Small Economies

[… A bit of a rant and a tangent.]

Carly-Art_-_Wild_bee_hive_(by-sa)I’m a little on edge about the mess in Washington, are you? If you don’t read the news, maybe you’re fine. But I think things are so extreme that even the normally news-free types can’t avoid learning about it these days. Probably at least 8 out of 10 people you know are aware of the government shutdown.

It’s extraordinary and scary, the way those people in our government are treating each other. Which is the same as the way we people are treating each other, right?

Sure, the politicians are screwing up big time, bickering – as so many describe it – like children. But they also reflect growing polarity among the populace. I can’t fathom why, but even the bad guys have their devotees. We’re split, fundamentally, passionately, maybe irrevocably. [Read more…]

Lead Nurturing as Lifestyle for Your Online Brand

zoetnetWhat’s the lifestyle of your small business or entrepreneurship? 

Before you can answer that question, we have to agree on a definition of lifestyle, especially when it comes to business.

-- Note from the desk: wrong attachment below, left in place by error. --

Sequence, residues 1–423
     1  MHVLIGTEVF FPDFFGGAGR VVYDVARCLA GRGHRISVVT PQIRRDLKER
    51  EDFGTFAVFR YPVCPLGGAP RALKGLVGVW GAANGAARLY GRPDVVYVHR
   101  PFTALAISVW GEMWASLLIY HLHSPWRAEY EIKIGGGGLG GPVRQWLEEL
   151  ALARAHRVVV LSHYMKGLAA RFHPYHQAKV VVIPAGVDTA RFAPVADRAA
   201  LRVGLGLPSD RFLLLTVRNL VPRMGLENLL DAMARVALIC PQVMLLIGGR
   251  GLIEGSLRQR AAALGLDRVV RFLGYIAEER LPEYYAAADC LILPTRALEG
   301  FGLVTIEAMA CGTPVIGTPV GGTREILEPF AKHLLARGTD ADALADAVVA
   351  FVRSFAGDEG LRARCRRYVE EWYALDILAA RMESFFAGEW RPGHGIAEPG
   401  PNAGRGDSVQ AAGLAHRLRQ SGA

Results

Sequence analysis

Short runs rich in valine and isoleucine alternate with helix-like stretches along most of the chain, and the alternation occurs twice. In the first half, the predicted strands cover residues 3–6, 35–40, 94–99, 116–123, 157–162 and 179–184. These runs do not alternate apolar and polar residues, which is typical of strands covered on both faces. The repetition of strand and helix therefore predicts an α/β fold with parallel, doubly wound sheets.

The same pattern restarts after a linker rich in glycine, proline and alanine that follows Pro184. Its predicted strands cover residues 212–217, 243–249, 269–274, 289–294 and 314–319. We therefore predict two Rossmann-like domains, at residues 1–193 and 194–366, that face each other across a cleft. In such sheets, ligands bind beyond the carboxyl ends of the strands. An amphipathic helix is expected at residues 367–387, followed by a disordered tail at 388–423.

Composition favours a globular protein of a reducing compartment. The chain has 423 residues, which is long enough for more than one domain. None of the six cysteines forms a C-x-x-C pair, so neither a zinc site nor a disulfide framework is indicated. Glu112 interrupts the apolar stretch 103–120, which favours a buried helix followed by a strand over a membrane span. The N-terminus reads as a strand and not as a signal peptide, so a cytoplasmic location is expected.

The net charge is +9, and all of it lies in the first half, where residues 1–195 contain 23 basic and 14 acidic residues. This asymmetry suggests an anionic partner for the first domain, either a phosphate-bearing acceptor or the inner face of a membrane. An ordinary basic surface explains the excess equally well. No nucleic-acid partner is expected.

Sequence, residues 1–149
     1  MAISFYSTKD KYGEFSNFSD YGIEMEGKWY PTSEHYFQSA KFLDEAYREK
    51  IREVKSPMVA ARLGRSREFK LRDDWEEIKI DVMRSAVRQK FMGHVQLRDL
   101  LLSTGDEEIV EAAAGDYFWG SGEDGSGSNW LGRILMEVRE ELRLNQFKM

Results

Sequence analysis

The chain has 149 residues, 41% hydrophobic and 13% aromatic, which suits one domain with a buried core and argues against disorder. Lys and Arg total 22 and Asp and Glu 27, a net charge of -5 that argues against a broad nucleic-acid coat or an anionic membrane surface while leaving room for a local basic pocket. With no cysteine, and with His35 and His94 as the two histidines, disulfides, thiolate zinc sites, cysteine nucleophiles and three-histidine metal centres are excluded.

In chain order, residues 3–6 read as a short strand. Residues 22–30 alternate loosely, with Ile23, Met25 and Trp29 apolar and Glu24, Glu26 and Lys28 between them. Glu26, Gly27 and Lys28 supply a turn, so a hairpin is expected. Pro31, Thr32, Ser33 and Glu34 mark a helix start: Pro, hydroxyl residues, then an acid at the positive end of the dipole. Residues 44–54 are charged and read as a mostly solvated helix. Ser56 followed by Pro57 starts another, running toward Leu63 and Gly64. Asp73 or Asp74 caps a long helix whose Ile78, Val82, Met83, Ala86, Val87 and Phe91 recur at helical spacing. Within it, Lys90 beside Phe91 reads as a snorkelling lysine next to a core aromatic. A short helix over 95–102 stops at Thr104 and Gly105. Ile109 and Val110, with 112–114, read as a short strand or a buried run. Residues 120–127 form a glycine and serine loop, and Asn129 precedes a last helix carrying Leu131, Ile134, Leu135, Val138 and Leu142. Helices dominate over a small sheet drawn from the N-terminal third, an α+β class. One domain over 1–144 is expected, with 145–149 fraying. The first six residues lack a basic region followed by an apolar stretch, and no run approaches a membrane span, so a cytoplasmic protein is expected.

Even associating the word lifestyle with anything about business may seem unusual. We think of it more in reference to our personal lives.

But there’s a growing trend in the synthesis of personal and professional lives, via the internet and global communications, and the concept of lifestyle is now a  major concern even in the public arena of your business. The way you conduct your affairs, the life of your commerce makes all the difference to today’s markets.

Are you a Whole Foods, a Walmart, a Waffle House, a Winery? You are distinguished by your brand and the lifestyle it supports. And the same applies even if you simply sell ice cream from a roadside stand.